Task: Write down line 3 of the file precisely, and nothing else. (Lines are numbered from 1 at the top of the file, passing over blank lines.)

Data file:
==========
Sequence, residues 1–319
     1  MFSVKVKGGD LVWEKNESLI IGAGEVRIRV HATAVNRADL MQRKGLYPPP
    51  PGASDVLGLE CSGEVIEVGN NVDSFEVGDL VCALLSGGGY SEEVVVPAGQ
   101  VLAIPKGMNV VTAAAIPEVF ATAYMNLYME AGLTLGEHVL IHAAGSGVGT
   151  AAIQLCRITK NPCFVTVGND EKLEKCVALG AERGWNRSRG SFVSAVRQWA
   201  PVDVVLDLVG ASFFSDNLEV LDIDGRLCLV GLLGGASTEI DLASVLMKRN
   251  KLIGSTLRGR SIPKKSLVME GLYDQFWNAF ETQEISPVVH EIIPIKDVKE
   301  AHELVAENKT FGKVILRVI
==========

    51  PGASDVLGLE CSGEVIEVGN NVDSFEVGDL VCALLSGGGY SEEVVVPAGQ